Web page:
Spirits: They'll Drink to This
Earlier this year, the Macallan released the most aged whisky in the 186-year-old distillery’s history, a single malt drawn from three ex-sherry Spanish-oak casks filled no later than 1946. The largest individual portion of that release is contained in a one-of-a-kind decanter designed and produced by French crystal maker Lalique and called Cire Perdue, French for "lost wax," the name of the method by which the vessel was made.
The decanter and its contents, 1.5 liters of the 64-year-old whisky, are expected to draw bids in the hundreds of thousands of dollars during a November 15 charity auction conducted by Sotheby’s New York. Consider that a standard 700 ml bottle of the Macallan’s second-oldest release, a 60-year-old single malt distilled in 1926 and bottled in 1986, sold at a 2007 auction for $54,000. That bottle was one of 40 in existence. The Cire Perdue decanter is filled with more than twice the volume, and, excluding a small quantity of previously auctioned drams, it contains the only sample of the 64-year-old spirit offered to the public.
The Cire Perdue is no less impressive than its contents. The lost-wax method with which Lalique produced the decanter is a time-consuming, laborious process that involves forming a model of a design from wax and then using that wax model to create a plaster mold into which molten crystal is poured. Company founder René Lalique employed this method until the 1930s, when the arthritis in his fingers forced him to abandon it. (René worked with molten glass, not crystal; the company did not introduce crystal items into its product line until after his death, in 1945.) This year, in commemoration of the 150th anniversary of René’s birth (see "Crystal Revelations," page 208), Lalique established a workshop at its factory in Wingen-sur-Moder, France, where craftsmen again are using the lost-wax method to produce decanters and other crystal designs. The Cire Perdue is the first product from the workshop—the first surviving product, that is. In succession, Lalique made and destroyed 20 examples of the decanter before achieving what it deemed perfection on its 21st attempt.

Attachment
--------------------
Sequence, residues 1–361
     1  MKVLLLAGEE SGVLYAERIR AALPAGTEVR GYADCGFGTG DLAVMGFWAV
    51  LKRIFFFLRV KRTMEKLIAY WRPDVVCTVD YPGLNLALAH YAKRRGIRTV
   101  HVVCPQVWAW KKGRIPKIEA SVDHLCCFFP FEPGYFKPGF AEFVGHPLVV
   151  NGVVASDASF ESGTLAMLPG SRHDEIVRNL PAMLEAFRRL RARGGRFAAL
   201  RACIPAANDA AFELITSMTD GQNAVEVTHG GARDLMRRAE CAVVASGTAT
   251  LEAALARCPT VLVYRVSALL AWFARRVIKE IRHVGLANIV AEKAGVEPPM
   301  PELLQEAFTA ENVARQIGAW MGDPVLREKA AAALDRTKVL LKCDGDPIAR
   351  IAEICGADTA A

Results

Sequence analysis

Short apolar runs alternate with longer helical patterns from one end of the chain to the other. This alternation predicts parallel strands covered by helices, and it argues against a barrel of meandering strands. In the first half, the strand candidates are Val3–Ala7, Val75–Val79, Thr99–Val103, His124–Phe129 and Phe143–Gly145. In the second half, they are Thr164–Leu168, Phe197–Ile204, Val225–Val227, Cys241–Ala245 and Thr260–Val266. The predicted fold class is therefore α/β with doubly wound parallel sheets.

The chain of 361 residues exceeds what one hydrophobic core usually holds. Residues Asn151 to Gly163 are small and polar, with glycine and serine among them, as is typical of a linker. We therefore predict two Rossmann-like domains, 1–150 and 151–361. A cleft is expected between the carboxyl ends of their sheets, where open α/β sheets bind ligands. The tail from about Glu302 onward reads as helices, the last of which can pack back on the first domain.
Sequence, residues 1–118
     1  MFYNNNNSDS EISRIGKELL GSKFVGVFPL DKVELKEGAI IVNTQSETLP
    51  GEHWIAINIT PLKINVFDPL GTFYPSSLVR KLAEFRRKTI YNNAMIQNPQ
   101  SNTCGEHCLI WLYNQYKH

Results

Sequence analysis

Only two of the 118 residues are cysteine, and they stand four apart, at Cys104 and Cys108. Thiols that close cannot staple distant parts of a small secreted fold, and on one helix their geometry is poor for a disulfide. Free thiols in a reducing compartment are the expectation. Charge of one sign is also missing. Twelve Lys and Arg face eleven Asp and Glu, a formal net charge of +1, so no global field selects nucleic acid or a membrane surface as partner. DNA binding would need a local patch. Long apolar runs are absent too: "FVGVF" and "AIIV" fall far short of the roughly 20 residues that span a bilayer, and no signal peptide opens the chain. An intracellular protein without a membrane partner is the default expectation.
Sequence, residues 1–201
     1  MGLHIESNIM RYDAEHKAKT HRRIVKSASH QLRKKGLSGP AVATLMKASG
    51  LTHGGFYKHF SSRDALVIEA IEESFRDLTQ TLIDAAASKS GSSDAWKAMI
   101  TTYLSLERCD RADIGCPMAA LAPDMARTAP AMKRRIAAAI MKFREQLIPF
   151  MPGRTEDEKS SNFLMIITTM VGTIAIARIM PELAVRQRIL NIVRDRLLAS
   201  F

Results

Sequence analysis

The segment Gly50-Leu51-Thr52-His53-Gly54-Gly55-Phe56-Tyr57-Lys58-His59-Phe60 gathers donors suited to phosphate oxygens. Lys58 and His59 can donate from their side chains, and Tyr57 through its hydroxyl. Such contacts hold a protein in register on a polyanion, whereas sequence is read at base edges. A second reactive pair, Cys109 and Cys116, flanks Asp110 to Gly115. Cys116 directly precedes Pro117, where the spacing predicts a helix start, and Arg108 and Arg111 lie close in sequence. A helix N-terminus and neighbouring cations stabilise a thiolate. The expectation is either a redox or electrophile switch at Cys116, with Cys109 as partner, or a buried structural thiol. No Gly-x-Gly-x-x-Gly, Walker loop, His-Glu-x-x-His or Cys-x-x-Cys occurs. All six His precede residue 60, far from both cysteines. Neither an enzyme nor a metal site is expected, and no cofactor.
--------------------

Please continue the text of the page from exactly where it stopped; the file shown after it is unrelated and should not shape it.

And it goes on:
Since April, the Cire Perdue, filled with the whisky, has been on a world tour that will culminate with the Sotheby’s sale. At each stop on the tour, drams of the 64-year-old Macallan have been auctioned. Through mid-September, the decanter had visited seven cities—including Paris, London, Moscow, and Hong Kong—and the accompanying auctions had raised more than $83,000. The Macallan and Lalique will donate the money from the dram auctions and the proceeds from the sale of the Cire Perdue to the nonprofit group Charity: Water, an organization with a mission to provide clean drinking water to people in undeveloped nations. The organization plans to use the money to fund at least 17 long-term, sustainable clean-water projects, which, it says, will benefit more than 5,000 people.
The Macallan, www.themacallan.com